Panchamahabhutas and Tridosha in Ayurveda General Health/Immunity
Guide on Panchamahabhutas and Tridosha in Ayurveda
DECEMBER 29, 2022

Understanding the Basics of Ayurveda: Panchamahabhutas and Doshas

Origin of the Universe

The earliest descriptions of Ayurveda can be found scattered in the Vedas. Being a healing science that developed during the Vedic era, it is no wonder that Ayurveda is intertwined with Indian philosophy and beliefs. So, to understand the basics of Ayurveda, it is necessary to start from the beginning- the Panchamahabhutas, the building block of the universe.

The origin of the universe and our relationship with it has been the subject of study for all major civilizations. Ancient Indian philosophers and scientists, too, had their opinions on this subject. The first Indian philosophy to study the origin of the universe is the Sāṃkhya philosophy. According to this system, the universe is ever existing. Nothing new is ever created. It just transforms from one state to another. Another prominent viewpoint- Vaiśeṣika philosophy-holds that the entire universe is made of eternal and indivisible units or atoms (paramāṇu) which are invisible to the naked eye. Ayurveda has adopted relevant observations from different philosophies to establish a medical philosophy that meets the practical purpose of healing. Unlike modern medical philosophy, Ayurveda has a holistic system that combines the body, mind, and the universe to approach health and illness.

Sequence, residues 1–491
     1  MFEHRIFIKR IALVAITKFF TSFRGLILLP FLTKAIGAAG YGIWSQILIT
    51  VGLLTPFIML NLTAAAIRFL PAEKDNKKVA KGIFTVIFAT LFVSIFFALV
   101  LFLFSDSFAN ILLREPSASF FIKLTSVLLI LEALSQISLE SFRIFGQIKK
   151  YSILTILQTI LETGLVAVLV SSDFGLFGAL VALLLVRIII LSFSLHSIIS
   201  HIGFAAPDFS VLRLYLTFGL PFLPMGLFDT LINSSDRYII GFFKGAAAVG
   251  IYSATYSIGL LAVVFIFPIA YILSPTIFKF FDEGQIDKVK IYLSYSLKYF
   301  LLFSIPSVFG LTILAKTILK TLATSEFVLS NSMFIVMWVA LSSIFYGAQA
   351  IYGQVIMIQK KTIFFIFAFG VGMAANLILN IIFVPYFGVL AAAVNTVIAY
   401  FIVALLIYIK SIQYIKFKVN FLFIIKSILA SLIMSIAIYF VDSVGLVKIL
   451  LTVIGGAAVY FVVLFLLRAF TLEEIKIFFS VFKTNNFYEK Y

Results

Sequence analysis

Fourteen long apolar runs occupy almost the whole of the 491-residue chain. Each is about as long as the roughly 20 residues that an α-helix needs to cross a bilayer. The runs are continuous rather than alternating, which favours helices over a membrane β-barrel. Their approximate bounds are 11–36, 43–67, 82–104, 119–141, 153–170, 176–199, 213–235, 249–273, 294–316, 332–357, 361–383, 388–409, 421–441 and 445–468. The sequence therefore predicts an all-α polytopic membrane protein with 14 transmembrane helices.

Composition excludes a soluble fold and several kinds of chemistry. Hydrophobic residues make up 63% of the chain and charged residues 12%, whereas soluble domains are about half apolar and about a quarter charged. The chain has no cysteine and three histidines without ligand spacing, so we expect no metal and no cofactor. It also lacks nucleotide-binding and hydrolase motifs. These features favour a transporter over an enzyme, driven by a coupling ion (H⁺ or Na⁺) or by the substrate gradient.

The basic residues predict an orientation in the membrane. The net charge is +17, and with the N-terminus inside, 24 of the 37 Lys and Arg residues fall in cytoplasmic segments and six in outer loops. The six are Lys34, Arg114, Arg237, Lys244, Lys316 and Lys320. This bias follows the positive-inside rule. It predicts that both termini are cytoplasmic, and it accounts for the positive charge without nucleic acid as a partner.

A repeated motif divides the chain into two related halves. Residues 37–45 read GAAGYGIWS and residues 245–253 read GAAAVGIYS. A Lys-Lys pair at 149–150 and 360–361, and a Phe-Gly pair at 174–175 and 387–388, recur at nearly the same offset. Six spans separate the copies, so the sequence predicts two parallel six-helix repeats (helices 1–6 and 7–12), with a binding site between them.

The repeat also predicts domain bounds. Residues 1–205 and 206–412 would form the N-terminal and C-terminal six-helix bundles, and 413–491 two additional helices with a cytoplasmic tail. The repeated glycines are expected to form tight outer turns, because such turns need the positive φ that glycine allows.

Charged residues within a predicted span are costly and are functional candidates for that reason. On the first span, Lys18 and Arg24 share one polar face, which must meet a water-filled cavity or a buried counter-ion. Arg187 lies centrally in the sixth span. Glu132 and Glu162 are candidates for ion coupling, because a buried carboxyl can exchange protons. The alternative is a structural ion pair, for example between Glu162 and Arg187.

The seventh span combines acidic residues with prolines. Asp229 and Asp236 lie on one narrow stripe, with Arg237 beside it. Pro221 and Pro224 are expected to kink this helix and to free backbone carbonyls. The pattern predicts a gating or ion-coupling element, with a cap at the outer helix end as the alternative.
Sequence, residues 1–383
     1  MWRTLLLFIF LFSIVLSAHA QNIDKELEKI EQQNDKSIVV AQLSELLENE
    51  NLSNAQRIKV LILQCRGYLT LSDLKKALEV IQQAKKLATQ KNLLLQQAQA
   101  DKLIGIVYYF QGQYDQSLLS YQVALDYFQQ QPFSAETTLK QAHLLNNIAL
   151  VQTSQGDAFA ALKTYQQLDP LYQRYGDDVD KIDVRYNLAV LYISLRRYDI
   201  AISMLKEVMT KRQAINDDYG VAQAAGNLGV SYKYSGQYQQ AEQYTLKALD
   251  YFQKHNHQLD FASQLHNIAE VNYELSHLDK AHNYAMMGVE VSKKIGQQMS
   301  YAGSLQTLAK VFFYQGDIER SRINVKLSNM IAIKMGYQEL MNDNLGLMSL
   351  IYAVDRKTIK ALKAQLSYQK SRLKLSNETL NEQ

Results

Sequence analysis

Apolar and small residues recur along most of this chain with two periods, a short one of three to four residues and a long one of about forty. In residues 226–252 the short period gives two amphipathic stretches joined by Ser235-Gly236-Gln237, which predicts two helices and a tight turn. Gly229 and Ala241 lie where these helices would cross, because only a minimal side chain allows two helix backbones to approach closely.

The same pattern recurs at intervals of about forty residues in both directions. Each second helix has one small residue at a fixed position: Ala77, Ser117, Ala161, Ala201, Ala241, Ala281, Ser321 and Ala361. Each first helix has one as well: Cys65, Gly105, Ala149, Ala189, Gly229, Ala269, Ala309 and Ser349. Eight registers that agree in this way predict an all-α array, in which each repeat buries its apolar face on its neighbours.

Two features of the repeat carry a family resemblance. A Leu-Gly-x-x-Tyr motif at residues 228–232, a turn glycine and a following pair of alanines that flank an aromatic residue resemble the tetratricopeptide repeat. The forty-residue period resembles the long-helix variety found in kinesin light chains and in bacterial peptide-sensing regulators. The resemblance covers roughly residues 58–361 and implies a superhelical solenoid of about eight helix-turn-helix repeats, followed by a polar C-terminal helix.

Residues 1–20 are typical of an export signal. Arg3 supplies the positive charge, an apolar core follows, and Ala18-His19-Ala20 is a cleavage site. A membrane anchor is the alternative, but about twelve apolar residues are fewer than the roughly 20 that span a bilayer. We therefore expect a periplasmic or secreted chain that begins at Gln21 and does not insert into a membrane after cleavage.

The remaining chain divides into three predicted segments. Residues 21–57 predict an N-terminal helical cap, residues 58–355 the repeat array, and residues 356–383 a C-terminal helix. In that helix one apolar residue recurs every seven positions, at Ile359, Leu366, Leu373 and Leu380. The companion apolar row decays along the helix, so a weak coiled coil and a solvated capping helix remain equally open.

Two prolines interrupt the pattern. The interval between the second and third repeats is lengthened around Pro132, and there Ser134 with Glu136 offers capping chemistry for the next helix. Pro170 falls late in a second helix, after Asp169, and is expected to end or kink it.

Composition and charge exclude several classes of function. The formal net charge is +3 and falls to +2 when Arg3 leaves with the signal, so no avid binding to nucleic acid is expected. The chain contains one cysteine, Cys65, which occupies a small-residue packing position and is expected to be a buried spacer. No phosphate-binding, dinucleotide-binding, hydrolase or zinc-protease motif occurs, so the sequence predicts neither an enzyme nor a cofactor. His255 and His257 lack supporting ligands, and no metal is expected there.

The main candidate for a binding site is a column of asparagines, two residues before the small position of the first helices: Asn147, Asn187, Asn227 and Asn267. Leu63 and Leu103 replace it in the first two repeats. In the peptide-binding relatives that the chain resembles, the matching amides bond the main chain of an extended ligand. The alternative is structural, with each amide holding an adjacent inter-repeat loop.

Indian scriptures opine the universe keeps oscillating between creation, sarga, and dissolution to nothingness or laya. Things pass through three phases- manifestation, existence, and destruction- and the cycle keeps repeating. Ayurveda is all about knowing these phases concerning each individual and enabling them to transition smoothly across each of these phases. The goal of Ayurveda is to help us gain enough time and capability to fulfill our share of obligations (dharma), reap the fruits of it (artha), and enjoy the wellness (sukha) of life. To achieve this goal, Ayurveda makes sure that its foundational theories comply with that of the perceived universe and its laws.

Why are the Panchamahabhuthas named so?

(Panchamahabhutas: Five Basic Elements)

The Sāṃkhya philosophy introduced the theory of Five Elements, or the five ‘existents. ‘Pañca’ means ‘five’ and ‘bhūta’ means ‘that which exists’. Pañcabhūtas form the building blocks of the observable universe. They are Earth (pṛthivī), Water (āp), Fire (tejas), Air (vāyu) and Space (ākāśa). Everything in the Universe is a coalescence of these five elements in varying proportions. The five elements that make up this universe also make up this earth, the things that belong to it, and the things that live and die in it. Ayurveda, too, identifies with this concept and lays it as one of its founding principles, the ‘loka-puruṣa-samavāya siddhānta’, to establish that we and our universe are interrelated and inseparable.